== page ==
Can Gerbils Overheat?

In the height of summer, we all need to take as many precautions as we can to protect ourselves from the sun and high heat.

Heatstroke can be pretty dangerous if we are not careful. Prolonged exposure to high temperatures and a lack of water can make it difficult for us to breathe.

We can also become disoriented and even lose consciousness. But, what about our small pets?

Our smaller pets usually live their lives in the comfort of our homes where the temperature is steady.

So if the temperature is steady, can smaller pets like our gerbils overheat? Yes, gerbils like most mammals can overheat if left in a very hot room or left in the sunlight for too long without a cover.

We all know not to leave pets like dogs unattended in hot cars. We also then need to remember to prevent heatstroke in our smaller pets like gerbils.

Below we will discuss some of the risks involved in gerbils overheating, what to do if you spot the warning signs and some preventative measures.

Why do Gerbils Overheat?

It is important to understand why gerbils overheat. It is easy to assume that a gerbil would be completely fine in hot temperatures.

Their wild ancestors are sand rats that scurry around the deserts of Africa and Asia in high heat.

However, these animals can change their habits and physiology to cope with temperatures above 68 degrees Fahrenheit (+20 degrees Celsius) and below -4 degrees Fahrenheit (-20 degrees Celsius).

They are far more capable in this mid-range. They can make the choice to head to a cool borrow in the scorching midday heat, to find water, slow down their metabolic rate and rest.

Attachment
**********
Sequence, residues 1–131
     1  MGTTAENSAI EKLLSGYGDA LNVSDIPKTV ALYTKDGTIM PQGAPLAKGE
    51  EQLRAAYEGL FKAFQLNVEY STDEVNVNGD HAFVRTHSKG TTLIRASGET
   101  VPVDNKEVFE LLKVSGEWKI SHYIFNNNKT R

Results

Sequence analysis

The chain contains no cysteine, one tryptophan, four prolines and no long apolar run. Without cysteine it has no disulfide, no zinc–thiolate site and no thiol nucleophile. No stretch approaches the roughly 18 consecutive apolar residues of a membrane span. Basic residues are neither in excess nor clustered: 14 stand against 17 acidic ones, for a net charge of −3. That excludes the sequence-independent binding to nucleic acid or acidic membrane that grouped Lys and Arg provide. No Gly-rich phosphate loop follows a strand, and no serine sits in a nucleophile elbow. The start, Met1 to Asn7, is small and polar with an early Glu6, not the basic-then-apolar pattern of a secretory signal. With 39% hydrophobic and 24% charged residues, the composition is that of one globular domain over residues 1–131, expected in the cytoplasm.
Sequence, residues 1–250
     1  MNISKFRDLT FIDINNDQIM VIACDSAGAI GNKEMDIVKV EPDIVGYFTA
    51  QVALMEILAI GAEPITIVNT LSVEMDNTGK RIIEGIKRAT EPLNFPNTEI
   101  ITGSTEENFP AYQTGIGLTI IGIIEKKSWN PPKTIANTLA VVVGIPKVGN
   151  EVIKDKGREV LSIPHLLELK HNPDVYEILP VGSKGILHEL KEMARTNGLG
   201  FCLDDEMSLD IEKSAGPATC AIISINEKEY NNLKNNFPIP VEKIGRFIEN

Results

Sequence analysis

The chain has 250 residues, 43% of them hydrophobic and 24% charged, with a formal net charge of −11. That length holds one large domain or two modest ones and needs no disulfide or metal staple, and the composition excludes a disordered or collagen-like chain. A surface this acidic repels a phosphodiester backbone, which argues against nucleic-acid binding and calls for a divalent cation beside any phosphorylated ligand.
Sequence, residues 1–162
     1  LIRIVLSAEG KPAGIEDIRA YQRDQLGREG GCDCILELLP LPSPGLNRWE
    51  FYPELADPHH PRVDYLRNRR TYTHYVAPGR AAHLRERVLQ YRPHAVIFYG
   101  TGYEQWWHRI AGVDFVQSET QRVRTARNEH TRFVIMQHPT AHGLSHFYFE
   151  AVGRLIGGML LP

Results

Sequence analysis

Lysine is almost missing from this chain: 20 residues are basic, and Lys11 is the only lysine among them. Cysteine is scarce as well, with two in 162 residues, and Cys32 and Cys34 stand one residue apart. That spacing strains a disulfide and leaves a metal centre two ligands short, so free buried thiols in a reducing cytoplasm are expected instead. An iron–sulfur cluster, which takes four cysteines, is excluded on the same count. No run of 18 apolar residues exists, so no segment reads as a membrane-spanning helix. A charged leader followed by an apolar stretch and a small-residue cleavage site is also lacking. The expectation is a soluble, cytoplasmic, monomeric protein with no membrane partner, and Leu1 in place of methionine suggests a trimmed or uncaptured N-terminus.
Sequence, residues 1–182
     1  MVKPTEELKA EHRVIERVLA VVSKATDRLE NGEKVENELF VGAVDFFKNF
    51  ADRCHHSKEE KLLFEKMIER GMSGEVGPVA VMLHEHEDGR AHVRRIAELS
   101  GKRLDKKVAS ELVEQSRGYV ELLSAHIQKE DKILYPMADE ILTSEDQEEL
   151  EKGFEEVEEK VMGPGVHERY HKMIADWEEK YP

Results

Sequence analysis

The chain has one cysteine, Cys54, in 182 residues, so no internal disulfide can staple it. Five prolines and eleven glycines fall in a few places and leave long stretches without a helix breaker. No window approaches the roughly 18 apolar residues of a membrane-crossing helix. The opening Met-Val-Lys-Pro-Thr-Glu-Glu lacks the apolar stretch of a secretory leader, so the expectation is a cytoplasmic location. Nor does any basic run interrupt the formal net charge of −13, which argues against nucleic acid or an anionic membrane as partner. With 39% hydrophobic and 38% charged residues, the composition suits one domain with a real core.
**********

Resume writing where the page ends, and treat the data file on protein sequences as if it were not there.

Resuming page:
Pet gerbils don’t have the same free will. They live where we decide to place them in our homes, so they have to put up with the conditions we provide.

Sometimes it’s easy to overlook that especially in an uncommon situation like if the A/C goes out. We have to remember that they live with us and can feel a more extreme version of what we feel.

Therefore, they could easily overheat in those higher temperatures if we don’t help them out.

Conditions like gerbils getting heatstroke or overheating can be fatal so you must understand the symptoms and treat it as soon as possible.

The more you know now, and the better prepared you are, the more comfortable your animal can be. So then, what are the signs?

Signs of Gerbils Overheating

There are a few different signs to watch out for, especially during the summer months. Here are some of the signs that I found while looking this up.

They start panting. The first is any obvious panting.

  • They may seem to be breathing fast with their mouth open.
  • This could mean that their temperature has risen and they’re trying to cool down.

They start to rearrange their habitat. Some may then begin rearranging the cage bedding to create a cool space in which to lie down.

  • This can look like a lot of bedding in one place.
  • They sometimes can create a small tunnel to cool off in.
  • This creates a dark cool place to escape the heat.

They become noticeably slower. In more prolonged cases, they may exhibit more lethargic movements.

  • You may also notice them trembling due to the exhaustion.
  • They may choose to stay in their homes a little more due to that exhaustion.
  • That low energy can cause them to eat and exercise less as well.

Their behavior becomes different than you’re used to. There may also start to exhibit mood changes.

  • You may notice some obvious irritability.
  • If they still have the energy they may even become slightly more aggressive.

These are some of the signs that you need to look for if think that your gerbils are starting to get too hot.

If this all goes unnoticed, the animal could stop moving completely and lose consciousness.

What Should you do if Your Gerbil Overheats?

Move the affected gerbil to a safe place as soon as you can, the cooler and darker the better. Keep in mind that the area needs to a least have a little airflow. Gerbils are social animals so it’s okay to move them together.

Make sure that the room is cool with a good supply of air and that the gerbil has access to cool water and a little bit of fresh food.